Photo by Laurie James

One of the largest Black-owned bookstores in the entire Southwest, The Dock Bookshop has been celebrating Black History Month every business day for 16 years. Since opening in an unassuming space in a Meadowbrook strip mall on the East Side in 2008, sisters Donna and Donya Craddock have created a hub for Black culture, life, and literature throughout North Texas. Although the last decade and a half haven’t been without challenges, the siblings have succeeded. Their latest victory? Prime Time himself, NFL Hall of Famer Deion Sanders, has chosen The Dock as the location of one of his few North Texas stops during his current book tour.

Older sibling Donna says The Dock is a labor of love. “It’s not something you get into for a lucrative business. We fill a particular niche. We lift up African-American voices, and so a lot of literature is in that lane, but we embrace all voices.”

Dock co-owner Donna Craddock loves that kids of all colors, shapes, and abilities can find a book about someone like them at her store.
Photo by Laurie James

On the day I caught up with the Craddocks, they were beginning to wind down programming for Black History Month while getting ready for Women’s History Month or, as they call it, Women’s Herstory Month. As part of the bookstore’s mission, it’s a great space for events other than book signings, including community meetings and performance art. Every Tuesday, Dock Open Mic Nights showcase poetry, spoken word, music, and comedy, allowing “local artists to share their gifts,” Donna said.


Many national figures have visited, most recently Actor/politician Hill Harper, who was at the bookstore to promote his book The Conversation, about how men and women can build loving, trusting relationships. The Dock’s March lineup features Beto O’Rourke and his tome We’ve Got to Try on March 10, and March 16 is when Prime Time stops by, reading from, signing copies of, and selling his title Elevate and Dominate.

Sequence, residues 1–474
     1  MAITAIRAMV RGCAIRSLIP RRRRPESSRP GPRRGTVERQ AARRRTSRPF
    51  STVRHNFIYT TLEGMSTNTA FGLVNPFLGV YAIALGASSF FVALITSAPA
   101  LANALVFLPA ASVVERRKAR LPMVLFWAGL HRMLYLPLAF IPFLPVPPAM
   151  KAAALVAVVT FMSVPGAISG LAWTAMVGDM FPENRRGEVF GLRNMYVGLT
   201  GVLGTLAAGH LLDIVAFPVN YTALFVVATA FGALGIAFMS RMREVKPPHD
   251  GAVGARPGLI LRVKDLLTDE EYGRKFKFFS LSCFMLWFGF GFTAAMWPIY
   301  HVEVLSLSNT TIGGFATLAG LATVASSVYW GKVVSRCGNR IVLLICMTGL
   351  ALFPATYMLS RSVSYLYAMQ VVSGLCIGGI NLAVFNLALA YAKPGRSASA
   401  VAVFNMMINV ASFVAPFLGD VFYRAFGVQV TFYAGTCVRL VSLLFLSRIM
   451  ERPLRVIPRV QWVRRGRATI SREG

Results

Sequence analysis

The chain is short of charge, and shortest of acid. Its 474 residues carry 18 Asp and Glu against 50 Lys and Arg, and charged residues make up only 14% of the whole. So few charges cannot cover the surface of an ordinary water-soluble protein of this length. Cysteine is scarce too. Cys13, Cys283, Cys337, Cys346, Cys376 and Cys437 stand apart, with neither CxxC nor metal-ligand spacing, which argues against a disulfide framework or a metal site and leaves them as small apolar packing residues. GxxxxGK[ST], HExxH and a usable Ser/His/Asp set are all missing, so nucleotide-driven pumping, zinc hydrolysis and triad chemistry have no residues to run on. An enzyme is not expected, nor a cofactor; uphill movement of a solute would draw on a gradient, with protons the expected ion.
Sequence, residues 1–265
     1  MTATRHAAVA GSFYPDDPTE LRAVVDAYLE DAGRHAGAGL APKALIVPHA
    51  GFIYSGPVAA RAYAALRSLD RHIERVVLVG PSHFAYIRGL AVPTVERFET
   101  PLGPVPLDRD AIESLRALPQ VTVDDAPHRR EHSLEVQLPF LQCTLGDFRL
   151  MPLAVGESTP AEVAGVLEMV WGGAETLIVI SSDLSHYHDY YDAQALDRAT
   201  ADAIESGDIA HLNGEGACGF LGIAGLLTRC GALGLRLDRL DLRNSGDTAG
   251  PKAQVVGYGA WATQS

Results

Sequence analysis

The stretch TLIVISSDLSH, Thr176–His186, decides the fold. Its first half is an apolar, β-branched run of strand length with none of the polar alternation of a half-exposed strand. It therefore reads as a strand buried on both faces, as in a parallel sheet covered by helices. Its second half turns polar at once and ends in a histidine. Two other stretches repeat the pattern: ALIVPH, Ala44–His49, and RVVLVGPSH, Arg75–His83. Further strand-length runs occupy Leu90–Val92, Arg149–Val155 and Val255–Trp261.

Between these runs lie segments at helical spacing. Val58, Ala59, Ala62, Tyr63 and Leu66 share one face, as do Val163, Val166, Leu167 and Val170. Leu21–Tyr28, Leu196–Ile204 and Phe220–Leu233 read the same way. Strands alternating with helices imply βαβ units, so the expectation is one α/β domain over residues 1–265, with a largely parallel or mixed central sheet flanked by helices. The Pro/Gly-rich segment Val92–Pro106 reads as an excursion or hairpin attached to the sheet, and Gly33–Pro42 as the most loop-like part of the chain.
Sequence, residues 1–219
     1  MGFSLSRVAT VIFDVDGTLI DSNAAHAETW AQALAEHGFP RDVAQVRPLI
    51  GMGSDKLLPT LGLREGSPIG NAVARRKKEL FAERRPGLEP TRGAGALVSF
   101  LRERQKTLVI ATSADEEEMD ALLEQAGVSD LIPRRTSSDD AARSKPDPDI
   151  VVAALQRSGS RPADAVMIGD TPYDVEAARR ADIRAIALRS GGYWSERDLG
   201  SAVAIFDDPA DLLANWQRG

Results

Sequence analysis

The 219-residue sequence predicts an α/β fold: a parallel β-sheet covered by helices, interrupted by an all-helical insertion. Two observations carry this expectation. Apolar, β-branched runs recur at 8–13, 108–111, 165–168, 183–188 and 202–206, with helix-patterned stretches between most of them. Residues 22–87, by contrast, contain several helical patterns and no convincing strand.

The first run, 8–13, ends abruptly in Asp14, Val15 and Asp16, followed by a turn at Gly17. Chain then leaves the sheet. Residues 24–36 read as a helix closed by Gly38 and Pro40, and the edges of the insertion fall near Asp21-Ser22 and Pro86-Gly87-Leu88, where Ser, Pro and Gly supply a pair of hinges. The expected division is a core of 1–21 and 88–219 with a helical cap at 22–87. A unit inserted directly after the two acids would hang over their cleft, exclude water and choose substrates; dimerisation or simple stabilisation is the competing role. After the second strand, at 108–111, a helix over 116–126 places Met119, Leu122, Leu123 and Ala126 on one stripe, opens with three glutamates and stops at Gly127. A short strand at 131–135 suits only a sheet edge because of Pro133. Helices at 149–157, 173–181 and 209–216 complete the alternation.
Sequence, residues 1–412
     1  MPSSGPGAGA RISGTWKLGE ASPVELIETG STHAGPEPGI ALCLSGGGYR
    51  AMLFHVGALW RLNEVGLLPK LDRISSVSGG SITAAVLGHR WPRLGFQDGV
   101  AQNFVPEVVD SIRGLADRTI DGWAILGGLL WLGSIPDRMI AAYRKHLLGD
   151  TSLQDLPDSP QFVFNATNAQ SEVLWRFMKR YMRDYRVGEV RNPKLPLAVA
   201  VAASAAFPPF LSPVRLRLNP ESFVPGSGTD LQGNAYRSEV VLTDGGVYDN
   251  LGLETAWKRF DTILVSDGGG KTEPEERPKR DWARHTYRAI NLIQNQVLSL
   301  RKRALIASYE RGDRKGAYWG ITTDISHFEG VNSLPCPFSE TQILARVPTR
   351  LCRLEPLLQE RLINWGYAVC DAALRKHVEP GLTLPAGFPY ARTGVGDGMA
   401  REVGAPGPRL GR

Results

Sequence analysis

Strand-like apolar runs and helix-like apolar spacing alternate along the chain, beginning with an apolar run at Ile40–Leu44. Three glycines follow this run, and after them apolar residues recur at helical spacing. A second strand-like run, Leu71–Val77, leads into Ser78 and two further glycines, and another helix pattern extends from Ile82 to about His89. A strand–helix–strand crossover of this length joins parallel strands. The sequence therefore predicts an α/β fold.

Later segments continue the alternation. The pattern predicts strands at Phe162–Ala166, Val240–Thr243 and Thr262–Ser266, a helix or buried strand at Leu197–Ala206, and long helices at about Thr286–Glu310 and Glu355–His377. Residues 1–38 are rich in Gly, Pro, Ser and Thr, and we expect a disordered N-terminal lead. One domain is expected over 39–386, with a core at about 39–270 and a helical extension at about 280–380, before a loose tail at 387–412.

Sanders is “a dynamic personality and a great motivator,” Donya said.

When asked how a small retailer in a quiet suburban neighborhood pulled a heavy hitter like Neon Deion, who could easily command a staggering appearance fee, Donya said that many small bookstores across the country are the beneficiaries of celebrities pushing local. “People are becoming intentional about supporting local businesses.”

As Dock co-owner Donya Craddock’s favorite genre, Black dystopian fiction has a place at her bookstore.
Photo by Laurie James

To RSVP with a purchase of Elevate and Dominate, visit

Along with the open-mic and evening with Sanders, other upcoming engaging nights at The Dock will start with what Donna calls “HerStories: A Celebration of Women’s Herstory Month and International Women’s Day.” The Craddocks are also planning a Sister Sunday event –– more information will be available soon on the bookstore’s website.

Next month, it’s Prime Time at The Dock Bookshop.
The Dock Bookshop via Facebook




Only about 20% of all businesses nationwide are owned by women, and of the approximately 300 independently owned bookstores across the country, less than 5% are owned by Black people. While The Dock has earned national accolades, nothing has been easy for this two-woman operation. Being unique has helped. The tragic murders of George Floyd, Breonna Taylor, and Ahmaud Aubery around the time of the pandemic galvanized the general population, many of whom probably did not know there was a Black-owned bookstore in their midst.

“The murder of George Floyd on TV — the public was just traumatized,” Donna said. “It caused some people to want to learn more and engage more and stop the violence against Black people.”

She added that white people came in to show support, to help, and to better understand what was happening and how they could effect positive change.